- This page is about the ruler; for the city, see Ciudad Tecún Umán.
|Died||February 20, 1524|
Tecun Uman (1500? – February 20, 1524) was one of the last rulers of the K'iche' Maya people, in the Highlands of what is now Guatemala. According to the Kaqchikel annals, he was slain by Spanish conquistador Pedro de Alvarado while waging battle against the Spanish and their allies on the approach to Quetzaltenango on 12 February 1524. Tecun Uman was declared Guatemala's official national hero on March 22, 1960 and is commemorated on February 20, the popular anniversary of his death. Tecun Uman has inspired a wide variety of activities ranging from the production of statues and poetry to the retelling of the legend in the form of folkloric dances to prayers. Despite this, Tecun Uman's existence is not well documented, and it has proven to be difficult to separate the man from the legend.
Battle of El Pinar
In 1522 Hernán Cortés sent Mexican allies to scout the Soconusco region of lowland Chiapas, where they met delegations from Iximche and Q'umarkaj at Tuxpán; both of the powerful highland Maya kingdoms declared their loyalty to the king of Spain. But Cortés' allies in Soconusco soon informed him that the K'iche' and the Kaqchikel were not loyal, and were instead harassing Spain's allies in the region. Cortés decided to despatch Pedro de Alvarado with 180 cavalry, 300 infantry, crossbows, muskets, 4 cannons, large amounts of ammunition and gunpowder, and thousands of allied Mexican warriors from Tlaxcala, Cholula and other cities in central Mexico; they arrived in Soconusco in 1523.
Pedro de Alvarado and his army advanced along the Pacific coast unopposed until they reached the Samalá River in western Guatemala. This region formed a part of the K'iche' kingdom, and a K'iche' army tried unsuccessfully to prevent the Spanish from crossing the river. Once across, the conquistadors ransacked nearby settlements in an effort to terrorise the K'iche'. On 8 February 1524 Alvarado's army fought a battle at Xetulul, called Zapotitlán by his Mexican allies (modern San Francisco Zapotitlán). Although suffering many injuries inflicted by defending K'iche' archers, the Spanish and their allies stormed the town and set up camp in the marketplace. Alvarado then turned to head upriver into the Sierra Madre mountains towards the K'iche' heartlands, crossing the pass into the fertile valley of Quetzaltenango. On 12 February 1524 Alvarado's Mexican allies were ambushed in the pass and driven back by K'iche' warriors but the Spanish cavalry charge that followed was a shock for the K'iche', who had never before seen horses. The cavalry scattered the K'iche' and the army crossed to the city of Xelaju (modern Quetzaltenango) only to find it deserted. Although the common view is that the K'iche' prince Tecun Uman died in the later battle near Olintepeque, the Spanish accounts are clear that at least one and possibly two of the lords of Q'umarkaj died in the fierce battles upon the initial approach to Quetzaltenango. The death of Tecun Uman is said to have taken place in the battle of El Pinar, and local tradition has his death taking place on the Llanos de Urbina (Plains of Urbina), upon the approach to Quetzaltenango near the modern village of Cantel. Pedro de Alvarado, in his third letter to Hernán Cortés, describes the death of one of the four lords of Q'umarkaj upon the approach to Quetzaltenango. The letter was dated 11 April 1524 and was written during his stay at Q'umarkaj.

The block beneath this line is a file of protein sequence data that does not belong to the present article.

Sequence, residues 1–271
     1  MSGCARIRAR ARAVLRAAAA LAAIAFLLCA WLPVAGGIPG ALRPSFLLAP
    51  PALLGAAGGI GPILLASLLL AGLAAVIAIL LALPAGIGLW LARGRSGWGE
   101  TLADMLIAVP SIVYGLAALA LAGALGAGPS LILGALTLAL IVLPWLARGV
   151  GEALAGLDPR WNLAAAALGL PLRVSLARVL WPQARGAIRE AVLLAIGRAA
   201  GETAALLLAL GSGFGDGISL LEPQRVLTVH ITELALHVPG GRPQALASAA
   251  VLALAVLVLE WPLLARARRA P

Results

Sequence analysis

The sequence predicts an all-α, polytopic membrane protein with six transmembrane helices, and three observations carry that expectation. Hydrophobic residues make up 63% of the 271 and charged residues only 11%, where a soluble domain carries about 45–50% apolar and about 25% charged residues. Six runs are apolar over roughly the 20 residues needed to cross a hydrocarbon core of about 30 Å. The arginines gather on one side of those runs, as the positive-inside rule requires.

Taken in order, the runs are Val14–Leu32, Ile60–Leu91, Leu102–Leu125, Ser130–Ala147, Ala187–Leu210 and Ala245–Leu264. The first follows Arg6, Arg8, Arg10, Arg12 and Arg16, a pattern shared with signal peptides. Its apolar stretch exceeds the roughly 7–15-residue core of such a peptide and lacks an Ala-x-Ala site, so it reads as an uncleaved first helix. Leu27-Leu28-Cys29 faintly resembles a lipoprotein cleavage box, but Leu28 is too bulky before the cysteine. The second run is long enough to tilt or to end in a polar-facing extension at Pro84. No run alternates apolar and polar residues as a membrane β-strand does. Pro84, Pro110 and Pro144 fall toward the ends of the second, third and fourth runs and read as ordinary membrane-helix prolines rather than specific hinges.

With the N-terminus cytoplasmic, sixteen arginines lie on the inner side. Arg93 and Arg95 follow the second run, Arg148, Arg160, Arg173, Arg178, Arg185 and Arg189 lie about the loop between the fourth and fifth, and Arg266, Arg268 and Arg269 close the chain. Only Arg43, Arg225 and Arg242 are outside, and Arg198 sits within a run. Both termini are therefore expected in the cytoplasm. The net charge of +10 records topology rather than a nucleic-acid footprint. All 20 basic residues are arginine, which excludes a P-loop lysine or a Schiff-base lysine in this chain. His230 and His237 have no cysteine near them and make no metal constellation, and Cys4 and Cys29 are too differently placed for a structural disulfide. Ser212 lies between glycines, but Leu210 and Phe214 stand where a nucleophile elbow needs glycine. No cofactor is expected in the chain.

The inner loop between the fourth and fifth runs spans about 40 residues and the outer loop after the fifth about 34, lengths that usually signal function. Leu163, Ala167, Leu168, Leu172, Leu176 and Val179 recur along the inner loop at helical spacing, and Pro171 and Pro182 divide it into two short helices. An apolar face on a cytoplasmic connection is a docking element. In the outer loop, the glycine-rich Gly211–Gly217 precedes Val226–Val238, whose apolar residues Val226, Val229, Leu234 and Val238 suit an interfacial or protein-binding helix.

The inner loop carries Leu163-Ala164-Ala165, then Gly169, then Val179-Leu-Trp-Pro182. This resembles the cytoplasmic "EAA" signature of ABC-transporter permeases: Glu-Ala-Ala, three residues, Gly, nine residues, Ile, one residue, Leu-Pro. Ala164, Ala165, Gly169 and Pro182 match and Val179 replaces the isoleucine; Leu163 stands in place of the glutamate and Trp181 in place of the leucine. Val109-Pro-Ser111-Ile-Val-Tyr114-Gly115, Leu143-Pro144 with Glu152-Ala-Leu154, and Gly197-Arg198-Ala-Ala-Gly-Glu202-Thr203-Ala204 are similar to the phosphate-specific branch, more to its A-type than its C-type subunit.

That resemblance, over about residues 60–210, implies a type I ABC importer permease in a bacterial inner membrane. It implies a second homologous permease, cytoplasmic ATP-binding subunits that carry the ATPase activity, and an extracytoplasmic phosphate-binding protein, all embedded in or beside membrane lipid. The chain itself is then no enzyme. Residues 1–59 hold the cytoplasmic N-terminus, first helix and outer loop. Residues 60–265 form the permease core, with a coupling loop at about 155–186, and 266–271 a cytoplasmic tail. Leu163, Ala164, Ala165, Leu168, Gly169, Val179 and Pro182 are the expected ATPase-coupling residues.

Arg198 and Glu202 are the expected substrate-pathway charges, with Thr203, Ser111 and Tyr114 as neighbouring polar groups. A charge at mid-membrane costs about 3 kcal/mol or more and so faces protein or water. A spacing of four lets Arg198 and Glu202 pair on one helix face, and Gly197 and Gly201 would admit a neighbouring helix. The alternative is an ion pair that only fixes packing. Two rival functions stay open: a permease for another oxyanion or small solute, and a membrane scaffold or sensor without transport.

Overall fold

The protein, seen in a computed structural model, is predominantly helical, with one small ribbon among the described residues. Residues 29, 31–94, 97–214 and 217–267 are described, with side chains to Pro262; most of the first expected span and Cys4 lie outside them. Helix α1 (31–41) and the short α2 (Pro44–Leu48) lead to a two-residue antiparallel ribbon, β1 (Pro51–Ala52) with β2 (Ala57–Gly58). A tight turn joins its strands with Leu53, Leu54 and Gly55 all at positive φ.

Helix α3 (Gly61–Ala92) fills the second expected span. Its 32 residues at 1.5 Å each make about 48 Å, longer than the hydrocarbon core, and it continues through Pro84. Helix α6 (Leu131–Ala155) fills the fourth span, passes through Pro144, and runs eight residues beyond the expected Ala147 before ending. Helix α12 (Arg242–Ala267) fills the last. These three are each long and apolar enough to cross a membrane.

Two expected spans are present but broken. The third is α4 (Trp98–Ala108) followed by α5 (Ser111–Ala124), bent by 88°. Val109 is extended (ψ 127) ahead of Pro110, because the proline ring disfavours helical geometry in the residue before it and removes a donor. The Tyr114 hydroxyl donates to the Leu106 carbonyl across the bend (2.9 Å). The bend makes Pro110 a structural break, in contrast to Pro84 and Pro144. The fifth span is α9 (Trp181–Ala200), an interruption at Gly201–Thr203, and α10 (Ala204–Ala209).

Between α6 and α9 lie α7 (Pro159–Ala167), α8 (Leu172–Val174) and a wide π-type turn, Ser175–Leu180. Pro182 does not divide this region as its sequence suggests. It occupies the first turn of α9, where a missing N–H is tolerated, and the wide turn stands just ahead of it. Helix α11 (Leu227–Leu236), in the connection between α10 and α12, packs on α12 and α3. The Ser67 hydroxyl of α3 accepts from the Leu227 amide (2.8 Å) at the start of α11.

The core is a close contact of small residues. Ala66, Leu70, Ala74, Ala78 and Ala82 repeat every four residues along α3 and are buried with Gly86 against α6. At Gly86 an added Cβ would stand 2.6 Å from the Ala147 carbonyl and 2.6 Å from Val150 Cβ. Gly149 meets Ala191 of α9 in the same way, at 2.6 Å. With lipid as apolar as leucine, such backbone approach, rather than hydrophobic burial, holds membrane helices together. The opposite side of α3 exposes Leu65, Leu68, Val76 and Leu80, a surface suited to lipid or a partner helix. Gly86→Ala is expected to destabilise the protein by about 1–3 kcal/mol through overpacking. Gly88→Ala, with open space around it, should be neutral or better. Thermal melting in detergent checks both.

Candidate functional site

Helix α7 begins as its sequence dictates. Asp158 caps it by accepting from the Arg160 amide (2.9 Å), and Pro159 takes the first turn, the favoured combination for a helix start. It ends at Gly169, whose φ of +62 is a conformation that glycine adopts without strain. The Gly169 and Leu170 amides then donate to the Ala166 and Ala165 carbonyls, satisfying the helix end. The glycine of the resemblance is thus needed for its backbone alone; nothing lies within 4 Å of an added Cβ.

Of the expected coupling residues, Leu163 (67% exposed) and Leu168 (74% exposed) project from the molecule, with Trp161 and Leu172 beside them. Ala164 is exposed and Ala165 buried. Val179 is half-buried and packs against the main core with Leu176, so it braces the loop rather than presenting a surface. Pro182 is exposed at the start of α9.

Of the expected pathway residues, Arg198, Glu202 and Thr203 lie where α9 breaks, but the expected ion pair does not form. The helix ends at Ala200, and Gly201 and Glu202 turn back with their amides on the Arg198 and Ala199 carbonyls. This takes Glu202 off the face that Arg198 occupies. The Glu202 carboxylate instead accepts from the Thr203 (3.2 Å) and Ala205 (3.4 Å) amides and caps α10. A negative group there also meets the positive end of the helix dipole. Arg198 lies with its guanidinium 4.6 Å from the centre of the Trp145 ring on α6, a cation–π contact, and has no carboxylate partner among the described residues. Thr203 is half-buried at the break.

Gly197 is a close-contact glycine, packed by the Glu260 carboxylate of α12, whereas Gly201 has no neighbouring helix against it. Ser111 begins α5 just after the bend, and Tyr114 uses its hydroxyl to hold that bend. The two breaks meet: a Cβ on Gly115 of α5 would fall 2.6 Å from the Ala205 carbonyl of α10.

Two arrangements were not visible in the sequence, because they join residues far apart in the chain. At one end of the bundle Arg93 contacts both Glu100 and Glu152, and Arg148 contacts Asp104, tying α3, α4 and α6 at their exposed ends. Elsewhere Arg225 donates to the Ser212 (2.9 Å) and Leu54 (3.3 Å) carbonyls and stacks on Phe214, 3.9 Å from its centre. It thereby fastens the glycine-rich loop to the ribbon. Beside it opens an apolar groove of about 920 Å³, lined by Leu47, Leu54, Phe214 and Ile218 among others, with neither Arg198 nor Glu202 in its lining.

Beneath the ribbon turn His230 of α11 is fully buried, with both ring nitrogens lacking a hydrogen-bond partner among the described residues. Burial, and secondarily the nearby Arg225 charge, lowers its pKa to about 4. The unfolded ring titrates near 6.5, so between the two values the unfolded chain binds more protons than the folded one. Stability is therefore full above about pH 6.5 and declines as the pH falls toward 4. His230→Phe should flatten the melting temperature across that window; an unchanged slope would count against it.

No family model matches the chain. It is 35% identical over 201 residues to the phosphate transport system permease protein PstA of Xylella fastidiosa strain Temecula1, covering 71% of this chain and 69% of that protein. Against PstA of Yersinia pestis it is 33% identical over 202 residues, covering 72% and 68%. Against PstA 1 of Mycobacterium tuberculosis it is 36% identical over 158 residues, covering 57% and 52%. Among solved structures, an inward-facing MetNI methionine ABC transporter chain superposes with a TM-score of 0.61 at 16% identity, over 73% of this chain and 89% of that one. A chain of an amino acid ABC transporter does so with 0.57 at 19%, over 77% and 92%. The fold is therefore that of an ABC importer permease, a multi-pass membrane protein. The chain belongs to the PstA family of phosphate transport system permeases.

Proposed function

The legends relate that Tecun Uman entered battle adorned with precious quetzal feathers, and that his nahual (animal spirit guide), also a quetzal bird, accompanied him during the battle. In the midst of the battle, Alvarado and Tecun Uman met face to face, each with weapon in hand. Alvarado was clad in armor and mounted on his warhorse. As horses were not native to the Americas and peoples of Mesoamerica had no beasts of burden of their own, Tecun Uman assumed they were one being and killed Alvarado's horse. Another version says he merely attacked the horse in an attempt to knock Alvarado down, having no prior illusion that both man and animal to be one and the same. Tecun Uman quickly realized his error and turned for a second attack but Alvarado's thrust his spear into his opponent's heart. The K'iche' prince's nahual, filled with grief, landed on the fallen hero's chest, staining its breast feathers red with blood, and thereafter died. From that day on, all male quetzals bear a scarlet breast and their song has not been heard since. Further, if one is to be placed in captivity, it would die, making the quetzal a symbol of liberty.
Another account claims a much more complex confrontation of religious and material forces. In this version Tecun Uman himself literally transformed into a quetzal or, in some variations, into an eagle adorned with three crowns - one of gold, one of diamonds and one of emeralds. Other natives had attempted to kill Alvarado, but he was protected by a powerful maiden, commonly associated with the Virgin Mary. Tecun Uman called upon his own magic, and in the intention of killing Alvarado, struck Alvarado's horse dead. Upon learning he had killed only the beast and not the man, he had attempted to correct his mistake, but was quickly impaled by Alvarado's spear.
A different version states Tecun Uman had an opportunity to kill Alvarado but ultimately failed and was slain by one of Alvarado's subordinates, a soldier known by the name of Argueta.
Local folklore from the area around the former K'iche' capital of Q'umarkaj preserves the belief that he was buried at the small archaeological site of Atalaya, 600 metres (660 yd) from Q'umarkaj itself.